A burgeoning men's rights movement in British universities? Lads, you cannot be serious

Even if you've already heard from the online ‘masculism’ mob, the men's rights comments under a recent Independent article must be read to be believed

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It is official: men are an oppressed minority these days. Despite an entire human history’s-worth of cultural dominance, in the few short generations since women got the vote, feminism has spoiled it for everyone, and women have full, unnatural dominance.

You don’t believe me? Consider this: who dies more often in wars, men or women? Which sex has the shorter life expectancy? Who has to make all the alimony payments? And who, most of all, has to leave a sinking cruise ship in last place? If you answered ‘men’ (poor, browbeaten men) to all of these, you’d be right, though these examples only scratch the surface of the systemic inequities men are forced to face each and every day.

There’s the pressure of having to pay for the bill on a date, more often than not, and that of having to conform to that terrible Hollywood stereotype of having, like, big pectoral muscles and things. Feminism has inculcated a crisis in masculinity.

Well that’s what I would say, if I had, as the ghastly Men’s Rights movement puts it with the full cod-philosophical force of the Matrix movies, swallowed ‘the red pill’.

Men’s Rights is a movement that, while not exclusive to the internet, has blossomed – or festered, however you prefer it to put it – online. It's loopy. Of course it's loopy. Men aren't oppressed. We’ve had a pretty good thing going since the year dot, since that one time Eve was conjured as a divine afterthought from Adam’s spare rib. Feminism, as a movement, is nothing more than an attempt to recalibrate society into something that doesn't completely overwhelm men with favour. And however well you might think it has succeeded, it really hasn't, what with glass ceilings, pats on bottoms and the endless bloody trumpetings of the whooping online ‘masculism’ mob.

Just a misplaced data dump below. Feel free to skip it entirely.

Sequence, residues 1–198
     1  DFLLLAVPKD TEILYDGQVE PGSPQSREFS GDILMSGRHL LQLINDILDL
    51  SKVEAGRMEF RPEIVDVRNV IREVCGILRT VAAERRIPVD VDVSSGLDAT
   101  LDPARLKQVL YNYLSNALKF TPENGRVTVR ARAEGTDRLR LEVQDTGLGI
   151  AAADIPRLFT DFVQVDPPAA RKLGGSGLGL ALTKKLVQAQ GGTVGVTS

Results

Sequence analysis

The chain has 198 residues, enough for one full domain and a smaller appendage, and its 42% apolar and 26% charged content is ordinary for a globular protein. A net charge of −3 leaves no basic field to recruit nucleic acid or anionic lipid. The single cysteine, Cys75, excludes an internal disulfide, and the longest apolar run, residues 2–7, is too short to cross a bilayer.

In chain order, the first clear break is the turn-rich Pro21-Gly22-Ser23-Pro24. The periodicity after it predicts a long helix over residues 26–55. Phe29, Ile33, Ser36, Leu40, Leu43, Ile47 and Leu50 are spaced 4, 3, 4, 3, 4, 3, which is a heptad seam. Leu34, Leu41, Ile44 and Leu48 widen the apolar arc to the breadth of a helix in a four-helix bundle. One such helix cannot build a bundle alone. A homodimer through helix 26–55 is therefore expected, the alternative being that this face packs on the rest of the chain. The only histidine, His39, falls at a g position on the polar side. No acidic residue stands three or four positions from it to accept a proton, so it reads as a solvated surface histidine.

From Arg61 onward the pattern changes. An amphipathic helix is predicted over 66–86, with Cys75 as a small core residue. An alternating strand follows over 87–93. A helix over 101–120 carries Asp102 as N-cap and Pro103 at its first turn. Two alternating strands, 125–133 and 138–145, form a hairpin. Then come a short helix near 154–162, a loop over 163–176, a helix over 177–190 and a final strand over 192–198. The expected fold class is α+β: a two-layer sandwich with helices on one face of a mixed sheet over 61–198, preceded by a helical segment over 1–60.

Allow me, as The Independent’s online student editor, to direct your eye towards this article, in which we document the struggle of a few young women brave enough to try and establish a feminist society at York. York’s SU won't ratify them for what may look to the untrained eye as spurious reasons, most of which boil down to 'it’s unnecessary'.

As if to demonstrate how unnecessary such a society may be, the article has attracted 300 brave comments below the line, each painstakingly typed one-fingered.

‘SANDWICH!!!’ concludes one sage, a persuasive argument underlined through nifty deployment of exclamation points. Beneath him, ha ha, one sweetalkinguy makes a subtle point of his own: ‘Hysteria!’ – like what women get when they’re worked up, his brief remark a beacon of reason in a dark world of appeals to woolly girl-thought.

It isn’t just men who are so angry about the damage that feminism hath wrought on the 21st Century. Thoughtful Kelly Jessop believes, in all apparent seriousness, that ‘feminism is a hate movement’ which causes ‘men to take their lives’.

Then there are the people who attempt to inject class and race into the issue, as though the white British working man is somehow the most put-upon male constituency of all. This thinking is never fully explained, but it’s possibly something to do with, I suppose, how easy urban black youths have it these days.

I’m sure a lot of these ornery young dudes are complaining like this for a reason: they’re constantly reminded of what a privilege it is for them to be men, but don’t feel, as students in modern Coalition Britain, all the many benefits of this privilege. And yes, there are genuine issues faced by men, even body image ones. But what our commenters might not be getting, with their angry desire for egalitarianism above feminism, is that feminism fights their cause too.

The rad fem man-haters are dying off these days, and the hip feminists aren’t trying to #killallmen so much as smash the patriarchy. A patriarchy, that is, that harms men as well as women, with its promotion of masculinity and men as stoic providers, and femininity with women as an underclass of nurturers.

But to the people calling for ‘masculism’ or ‘safe spaces for men’, who see ‘misandry’ every time a woman wants a platform to make demands, well, sirs, you are idiots. The masculinity you base these incessant demands for sandwiches, sluts and spurious recognition of temperamental differences between the sexes is not positive, helpful or remotely egalitarian.

And at least until we can run articles about campus feminist organisations without rolling in MRM ordure, the need for feminist organisations on our campuses will remain abundantly clear.

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